Literary reviews by Tim Love.
Warning: Rather than reviews, these are often notes in preparation for reviews that were never finished, or pleas for help with understanding pieces. See Litref Reviews - a rationale for details.

Saturday, 28 August 2010

"Found Wanting" by Hugh Underhill (Smokestack, 2008)

If you want things louder, more loudspeakers aren't enough - you can fill a field with iPod headphones and still hear nothing above the bees. It's the same with imagery. These poems have a steady buzz. Perhaps he doesn't want to be stridently poetical. The content's thoughtful enough, and the way he's sorted his concepts into the poems (which are typically a page long) is reasonable. The punchlines aren't satisfying enough for me though. I can't tell whether it's the persona or the poet who's puffing up the language but I think the poet can be blamed for the over-easy juxtaposings. I didn't care for the more overt philosophy pieces - "Self-and-Other", "She Tells Me What Counts", etc - and the ventriloquising (putting the philosophy into characters' mouths) doesn't help much. Here are some extracts illustrating the affected language and endings that I wasn't keen on.

    Not really goin' back over, are yuse? I've been,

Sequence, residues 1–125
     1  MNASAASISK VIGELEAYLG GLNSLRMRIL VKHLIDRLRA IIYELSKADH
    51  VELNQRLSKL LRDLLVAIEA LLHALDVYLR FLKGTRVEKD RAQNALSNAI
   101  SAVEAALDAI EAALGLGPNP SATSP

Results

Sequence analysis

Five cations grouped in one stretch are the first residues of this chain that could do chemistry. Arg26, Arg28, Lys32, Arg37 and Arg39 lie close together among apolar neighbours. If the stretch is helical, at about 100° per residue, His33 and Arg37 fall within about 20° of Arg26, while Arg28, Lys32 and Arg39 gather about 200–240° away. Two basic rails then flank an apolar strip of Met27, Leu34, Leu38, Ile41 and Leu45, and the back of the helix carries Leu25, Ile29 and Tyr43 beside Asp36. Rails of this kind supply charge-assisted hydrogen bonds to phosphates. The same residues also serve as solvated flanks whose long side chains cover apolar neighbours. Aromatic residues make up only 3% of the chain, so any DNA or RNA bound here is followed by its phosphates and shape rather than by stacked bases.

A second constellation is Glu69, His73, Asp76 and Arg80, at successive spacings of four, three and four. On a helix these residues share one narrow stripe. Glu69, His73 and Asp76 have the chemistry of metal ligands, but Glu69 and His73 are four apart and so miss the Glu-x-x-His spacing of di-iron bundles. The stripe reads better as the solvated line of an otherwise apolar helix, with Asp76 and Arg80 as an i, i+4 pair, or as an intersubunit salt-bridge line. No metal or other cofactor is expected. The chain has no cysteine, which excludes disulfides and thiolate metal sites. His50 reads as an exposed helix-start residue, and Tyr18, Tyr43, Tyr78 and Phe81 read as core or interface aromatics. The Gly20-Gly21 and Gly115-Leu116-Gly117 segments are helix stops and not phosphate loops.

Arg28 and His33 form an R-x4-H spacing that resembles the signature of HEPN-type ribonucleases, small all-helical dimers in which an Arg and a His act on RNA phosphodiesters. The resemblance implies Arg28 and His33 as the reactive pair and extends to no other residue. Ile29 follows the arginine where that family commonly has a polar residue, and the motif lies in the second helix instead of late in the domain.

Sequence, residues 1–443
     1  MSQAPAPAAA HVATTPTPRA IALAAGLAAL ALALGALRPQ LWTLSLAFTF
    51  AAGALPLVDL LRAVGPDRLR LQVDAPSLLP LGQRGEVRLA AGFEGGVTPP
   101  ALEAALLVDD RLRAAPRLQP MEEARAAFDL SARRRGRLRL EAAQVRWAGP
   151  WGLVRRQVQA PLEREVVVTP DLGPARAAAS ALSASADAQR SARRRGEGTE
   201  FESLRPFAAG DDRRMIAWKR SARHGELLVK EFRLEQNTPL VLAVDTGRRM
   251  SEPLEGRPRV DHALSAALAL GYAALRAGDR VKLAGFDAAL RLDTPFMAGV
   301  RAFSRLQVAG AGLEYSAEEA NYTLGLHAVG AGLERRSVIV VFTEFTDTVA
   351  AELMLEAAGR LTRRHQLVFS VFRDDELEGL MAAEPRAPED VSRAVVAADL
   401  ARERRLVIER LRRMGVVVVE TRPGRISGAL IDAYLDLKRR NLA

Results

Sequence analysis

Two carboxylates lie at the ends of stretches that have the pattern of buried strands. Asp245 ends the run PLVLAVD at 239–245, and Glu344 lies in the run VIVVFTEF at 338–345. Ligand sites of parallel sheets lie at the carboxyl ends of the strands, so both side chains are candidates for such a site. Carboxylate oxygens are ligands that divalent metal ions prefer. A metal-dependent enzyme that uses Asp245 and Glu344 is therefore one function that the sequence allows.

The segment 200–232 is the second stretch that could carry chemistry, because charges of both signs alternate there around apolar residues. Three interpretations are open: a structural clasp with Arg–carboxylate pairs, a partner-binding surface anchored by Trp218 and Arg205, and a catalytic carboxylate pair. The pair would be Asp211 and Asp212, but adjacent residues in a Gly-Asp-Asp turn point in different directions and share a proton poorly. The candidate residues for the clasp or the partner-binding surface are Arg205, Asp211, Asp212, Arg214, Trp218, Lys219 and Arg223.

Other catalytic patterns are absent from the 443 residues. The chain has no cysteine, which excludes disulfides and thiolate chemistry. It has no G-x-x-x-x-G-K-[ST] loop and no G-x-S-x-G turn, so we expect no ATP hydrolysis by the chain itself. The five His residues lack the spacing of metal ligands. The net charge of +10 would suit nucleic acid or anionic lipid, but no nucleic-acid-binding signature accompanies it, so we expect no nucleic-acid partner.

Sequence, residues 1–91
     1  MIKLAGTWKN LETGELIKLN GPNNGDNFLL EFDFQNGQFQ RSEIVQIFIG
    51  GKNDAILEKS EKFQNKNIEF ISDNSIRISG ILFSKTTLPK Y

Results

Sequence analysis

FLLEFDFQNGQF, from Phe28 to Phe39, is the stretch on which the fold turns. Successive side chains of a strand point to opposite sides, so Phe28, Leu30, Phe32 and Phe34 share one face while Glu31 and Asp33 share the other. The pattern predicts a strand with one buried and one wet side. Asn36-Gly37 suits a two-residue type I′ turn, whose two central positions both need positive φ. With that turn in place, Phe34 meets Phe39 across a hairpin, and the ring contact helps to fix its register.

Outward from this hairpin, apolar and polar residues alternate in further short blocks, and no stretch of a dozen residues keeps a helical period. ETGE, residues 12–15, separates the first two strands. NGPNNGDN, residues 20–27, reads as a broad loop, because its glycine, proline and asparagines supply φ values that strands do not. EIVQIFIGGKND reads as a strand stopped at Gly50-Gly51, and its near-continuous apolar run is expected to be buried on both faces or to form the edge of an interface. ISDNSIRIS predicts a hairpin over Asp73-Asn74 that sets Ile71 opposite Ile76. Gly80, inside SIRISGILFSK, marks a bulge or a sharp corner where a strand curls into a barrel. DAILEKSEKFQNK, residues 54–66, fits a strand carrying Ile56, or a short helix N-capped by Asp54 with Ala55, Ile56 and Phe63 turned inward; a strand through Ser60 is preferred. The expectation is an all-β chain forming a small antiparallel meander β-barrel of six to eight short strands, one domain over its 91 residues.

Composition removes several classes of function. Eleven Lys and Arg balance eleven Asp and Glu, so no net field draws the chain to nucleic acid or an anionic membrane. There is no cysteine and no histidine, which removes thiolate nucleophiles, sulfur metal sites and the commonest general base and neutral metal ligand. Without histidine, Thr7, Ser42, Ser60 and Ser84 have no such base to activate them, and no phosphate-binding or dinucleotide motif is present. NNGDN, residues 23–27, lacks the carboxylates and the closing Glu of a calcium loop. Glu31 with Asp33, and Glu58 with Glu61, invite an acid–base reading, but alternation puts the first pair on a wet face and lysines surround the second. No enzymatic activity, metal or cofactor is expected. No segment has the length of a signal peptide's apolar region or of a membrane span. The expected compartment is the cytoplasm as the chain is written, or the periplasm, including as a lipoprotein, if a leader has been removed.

coupla years I was over there. No, stay here.
    Europe's screwed up, en'it.

    The end of "Township Historian" - we see the local historian's other side all too clearly.

    and the wind keens
    in beached dinghies' shrouds

    The end of "A Lake's Progress" - over-larded imagery

  • May leafage as I cross from the Serpentine, and restored glintings of the Albert Memorial - kitsch space-rocket primed for blast-off (some of us wish it would)

    The start of "Art Found wanting" - I can't identify whose is the tone, nor do I understand the line-breaks.

  • As I revive in fact and in mind the affective mood and the pretty-near hubristic avidity with which I once plunged into and sought to engross the amassed registration of civilized time at the for me, up from slumbrous Sussex, breath- taking British Museum

    From "Tricks of Time" - I don't get the diction. Is it the poet's or the persona's?

  • I ease from the bed, defrock a window, and sky widens above the frost, crossed by an arrow of unquiet geese which forsake the river's leaden ice

    The end of "How" - poetical to no purpose.

  • His watch wants him back at the office

    From "Life Slips By" - poetical. Odd line-break.

In the blurb Tony Grist writes "Don't think it comes easy, this throwaway ease of poetic manner. It takes more work, more honesty, more confidence than the aureate boom-booming that is more readily recognisable as poetry". But I rather like a confident boom, or at least an echo of one. And I think this book's poetry is too often gratuitously mannered.

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